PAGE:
Many of the people who visit me in my therapy practice spend time talking about work. How much work there is, how they never seem to be able to get it all done, how many hours they spend at work, how tired they are all the time and how fearful they are about losing their jobs. They’ve read articles telling them how they can improve their work/life balance. They’ve delegated and relegated, meditated and ruminated.
Women in particular come in suffering the effects of overwork, losing out financially in the longer hours marathon, or perhaps more frighteningly, sacrificing their work to help manage a male partner’s crazy schedule. And yet they persist in locating the problem internally. Is there something else they can do, they wonder, to manage it all better? Maybe there’s something wrong with them; they just can’t seem to live and work at the same time.
We’re working longer hours than ever before, and as our employment conditions continue to worsen, they’re simply repackaged into a new version of normal in an effort to make the truly pathological state of many of our workplaces appear acceptable. And despite the fact that the very best evidence we have about the causes of work stress and burnout point to factors present in the workplace rather than in us, the stress reduction industry and the helping professions’ focus on individual self-care strategies is at an all-time high.
Too busy to be well
Have a look at the lifestyle section of any major newspaper and you’ll find a host of articles on how to stay well in a life that’s too busy to live in. But the facts are plainer than we’re being led to believe. Many of us simply work too much to really be well.
Nothing can alleviate the stress of overwork except working less. Like the road signs say, only sleep cures fatigue. We need to be reminded of this because tired long-haul drivers can be deluded into thinking that coffee, a can of Mother or an upbeat bit of music might help them stay awake. For the madly overworked, we need reminding that the only cure for working too much is to stop. It’s as simple as that.
In the last month or so I’ve had several clients raise the issue of overwork with their managers, with the following results. One had a consultant brought in to assess her team’s workloads against their position descriptions. Each member was found to be working at between 130 and 160% of their load. So the load was reset and anyone working at below 150% was told they weren’t pulling their weight.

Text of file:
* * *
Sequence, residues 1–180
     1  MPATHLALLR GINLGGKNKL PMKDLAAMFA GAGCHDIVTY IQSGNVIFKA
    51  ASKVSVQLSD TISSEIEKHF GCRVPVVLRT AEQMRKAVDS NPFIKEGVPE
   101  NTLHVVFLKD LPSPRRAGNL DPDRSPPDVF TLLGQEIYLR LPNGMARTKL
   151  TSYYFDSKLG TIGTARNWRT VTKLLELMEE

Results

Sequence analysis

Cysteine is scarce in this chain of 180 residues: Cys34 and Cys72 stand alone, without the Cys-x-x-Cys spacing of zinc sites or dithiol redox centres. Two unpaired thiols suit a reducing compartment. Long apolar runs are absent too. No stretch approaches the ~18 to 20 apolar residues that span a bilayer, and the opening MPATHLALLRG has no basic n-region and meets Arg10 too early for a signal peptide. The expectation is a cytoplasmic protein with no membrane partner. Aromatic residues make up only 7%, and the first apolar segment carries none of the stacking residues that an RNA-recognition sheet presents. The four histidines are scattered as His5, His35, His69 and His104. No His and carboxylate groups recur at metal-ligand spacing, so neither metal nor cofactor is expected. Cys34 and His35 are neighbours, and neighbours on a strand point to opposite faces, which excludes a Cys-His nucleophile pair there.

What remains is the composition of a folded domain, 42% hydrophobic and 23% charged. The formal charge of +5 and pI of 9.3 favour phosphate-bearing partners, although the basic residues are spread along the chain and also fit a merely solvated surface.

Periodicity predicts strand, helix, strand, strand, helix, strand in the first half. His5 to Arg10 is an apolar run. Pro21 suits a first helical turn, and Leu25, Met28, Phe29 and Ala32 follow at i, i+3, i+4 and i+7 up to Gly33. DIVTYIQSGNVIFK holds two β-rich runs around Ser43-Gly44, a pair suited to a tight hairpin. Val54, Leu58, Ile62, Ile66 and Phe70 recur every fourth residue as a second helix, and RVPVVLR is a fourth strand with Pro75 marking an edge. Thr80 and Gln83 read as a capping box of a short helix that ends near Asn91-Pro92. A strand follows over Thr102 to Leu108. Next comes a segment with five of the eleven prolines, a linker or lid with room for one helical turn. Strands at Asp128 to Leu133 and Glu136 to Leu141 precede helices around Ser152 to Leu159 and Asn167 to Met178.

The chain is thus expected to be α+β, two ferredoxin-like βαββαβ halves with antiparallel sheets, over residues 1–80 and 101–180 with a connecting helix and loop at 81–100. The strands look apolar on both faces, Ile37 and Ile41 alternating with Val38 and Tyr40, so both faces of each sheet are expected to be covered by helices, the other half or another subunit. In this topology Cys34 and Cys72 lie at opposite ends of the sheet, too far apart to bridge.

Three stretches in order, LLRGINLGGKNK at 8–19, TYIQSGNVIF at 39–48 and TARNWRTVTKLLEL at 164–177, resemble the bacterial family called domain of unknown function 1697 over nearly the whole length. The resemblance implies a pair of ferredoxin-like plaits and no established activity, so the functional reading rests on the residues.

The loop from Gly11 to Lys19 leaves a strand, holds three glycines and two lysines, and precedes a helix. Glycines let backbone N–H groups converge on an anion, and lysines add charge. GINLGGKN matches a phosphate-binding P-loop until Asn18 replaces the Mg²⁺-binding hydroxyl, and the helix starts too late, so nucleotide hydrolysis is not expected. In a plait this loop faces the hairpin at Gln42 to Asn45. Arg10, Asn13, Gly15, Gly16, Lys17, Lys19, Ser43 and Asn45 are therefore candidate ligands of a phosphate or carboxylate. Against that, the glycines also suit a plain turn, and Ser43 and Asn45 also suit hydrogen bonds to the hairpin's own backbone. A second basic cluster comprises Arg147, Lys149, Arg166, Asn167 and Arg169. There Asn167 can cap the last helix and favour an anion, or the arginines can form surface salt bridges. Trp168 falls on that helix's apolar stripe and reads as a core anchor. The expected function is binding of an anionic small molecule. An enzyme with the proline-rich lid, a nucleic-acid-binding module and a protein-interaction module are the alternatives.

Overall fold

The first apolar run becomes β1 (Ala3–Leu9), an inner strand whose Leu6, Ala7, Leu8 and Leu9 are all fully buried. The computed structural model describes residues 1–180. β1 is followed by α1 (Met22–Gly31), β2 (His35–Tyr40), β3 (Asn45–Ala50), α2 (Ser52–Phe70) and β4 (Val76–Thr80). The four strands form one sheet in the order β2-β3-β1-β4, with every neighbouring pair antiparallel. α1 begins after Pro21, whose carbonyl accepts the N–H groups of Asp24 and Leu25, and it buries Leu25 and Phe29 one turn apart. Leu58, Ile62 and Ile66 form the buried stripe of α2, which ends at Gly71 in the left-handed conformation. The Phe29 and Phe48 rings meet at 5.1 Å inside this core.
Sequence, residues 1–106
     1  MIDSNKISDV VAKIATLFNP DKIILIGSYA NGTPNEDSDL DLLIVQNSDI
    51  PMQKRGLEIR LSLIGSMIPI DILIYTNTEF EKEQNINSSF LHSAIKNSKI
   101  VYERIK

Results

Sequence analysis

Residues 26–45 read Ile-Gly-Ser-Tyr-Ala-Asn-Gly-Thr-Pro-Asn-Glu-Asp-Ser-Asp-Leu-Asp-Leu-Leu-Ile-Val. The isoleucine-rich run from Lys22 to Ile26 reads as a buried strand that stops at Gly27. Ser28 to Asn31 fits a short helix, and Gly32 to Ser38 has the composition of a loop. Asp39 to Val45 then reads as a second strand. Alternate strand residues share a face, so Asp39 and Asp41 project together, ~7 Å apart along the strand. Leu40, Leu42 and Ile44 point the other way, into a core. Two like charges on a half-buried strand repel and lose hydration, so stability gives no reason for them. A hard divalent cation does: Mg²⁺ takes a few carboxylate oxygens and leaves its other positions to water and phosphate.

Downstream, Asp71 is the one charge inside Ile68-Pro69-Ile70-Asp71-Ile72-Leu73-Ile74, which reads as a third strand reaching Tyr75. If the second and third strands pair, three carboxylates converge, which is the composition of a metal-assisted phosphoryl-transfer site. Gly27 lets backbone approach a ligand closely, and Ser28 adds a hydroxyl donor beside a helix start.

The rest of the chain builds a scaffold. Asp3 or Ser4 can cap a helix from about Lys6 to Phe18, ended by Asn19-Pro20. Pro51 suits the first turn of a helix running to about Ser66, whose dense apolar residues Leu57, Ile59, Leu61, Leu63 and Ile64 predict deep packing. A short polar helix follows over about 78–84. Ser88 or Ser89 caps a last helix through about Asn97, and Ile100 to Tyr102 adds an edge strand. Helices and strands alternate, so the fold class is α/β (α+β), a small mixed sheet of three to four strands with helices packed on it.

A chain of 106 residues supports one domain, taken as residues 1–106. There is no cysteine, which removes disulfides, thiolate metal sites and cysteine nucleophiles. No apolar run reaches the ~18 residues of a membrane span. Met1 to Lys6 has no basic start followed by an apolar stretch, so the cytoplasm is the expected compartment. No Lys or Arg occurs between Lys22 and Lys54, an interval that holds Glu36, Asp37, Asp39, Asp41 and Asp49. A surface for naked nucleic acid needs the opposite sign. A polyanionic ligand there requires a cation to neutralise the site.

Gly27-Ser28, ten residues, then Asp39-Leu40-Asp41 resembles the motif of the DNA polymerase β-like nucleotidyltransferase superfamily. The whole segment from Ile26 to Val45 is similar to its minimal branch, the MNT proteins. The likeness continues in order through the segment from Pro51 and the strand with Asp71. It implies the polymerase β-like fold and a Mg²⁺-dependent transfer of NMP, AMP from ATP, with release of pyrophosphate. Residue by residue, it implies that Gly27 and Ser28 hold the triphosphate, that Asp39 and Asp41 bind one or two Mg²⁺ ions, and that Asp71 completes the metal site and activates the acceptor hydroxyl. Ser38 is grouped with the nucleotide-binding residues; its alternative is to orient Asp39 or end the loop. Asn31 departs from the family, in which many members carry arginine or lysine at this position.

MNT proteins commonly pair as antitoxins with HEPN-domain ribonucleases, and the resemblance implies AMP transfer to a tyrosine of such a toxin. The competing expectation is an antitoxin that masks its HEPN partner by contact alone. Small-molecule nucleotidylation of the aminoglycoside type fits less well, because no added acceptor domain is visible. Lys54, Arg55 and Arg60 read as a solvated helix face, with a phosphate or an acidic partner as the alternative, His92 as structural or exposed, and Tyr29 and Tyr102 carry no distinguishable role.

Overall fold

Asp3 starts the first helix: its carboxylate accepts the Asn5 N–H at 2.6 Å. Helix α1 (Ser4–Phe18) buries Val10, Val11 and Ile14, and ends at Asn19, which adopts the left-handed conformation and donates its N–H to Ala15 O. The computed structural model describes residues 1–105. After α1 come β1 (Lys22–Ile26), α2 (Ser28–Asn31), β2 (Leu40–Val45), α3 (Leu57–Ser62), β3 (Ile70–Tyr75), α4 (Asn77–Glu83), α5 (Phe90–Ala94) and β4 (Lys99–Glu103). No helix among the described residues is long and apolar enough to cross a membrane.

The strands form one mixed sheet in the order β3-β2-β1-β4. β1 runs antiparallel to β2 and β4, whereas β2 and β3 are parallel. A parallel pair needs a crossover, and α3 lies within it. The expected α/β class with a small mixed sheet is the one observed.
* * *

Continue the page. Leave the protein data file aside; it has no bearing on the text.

Another workplace appointed an organisational psychologist to assess the team’s interpersonal relationships as a way of responding to a workload complaint. As a result, my client was told his personal commitment to reasonable working hours was putting his team at risk and he was put on a program of performance management. Another was simply told not to come in again.
Despite the endless column inches devoted to how we can find balance in our busy working lives, the solution here isn’t personal, it’s political. Those of us working in the health and wellbeing industries have had our skills hijacked by commercial interests. Employee Assistance Programs, corporate stress management training and the burgeoning multi-billion dollar wellness industry all trade on, support and are supported by the culture of overwork. If we are truly committed to wellbeing, we need to remember who our clients are meant to be and be willing to risk acting in their best interests.
No amount of multivitamins, yoga, meditation, sweaty exercise, superfoods or extreme time management, as brilliant as all these things can be, is going to save us from the effects of too much work. This is not something we can adapt to. Not something we need to adjust the rest of our lives around. It is not possible and it’s unethical to pretend otherwise. Like a low-flying plane, the insidious culture of overwork is deafening and the only way we can really feel better is if we can find a way to make it stop.
Zoë Krupka does not work for, consult to, own shares in or receive funding from any company or organisation that would benefit from this article, and has no relevant affiliations.
Authors: The Conversation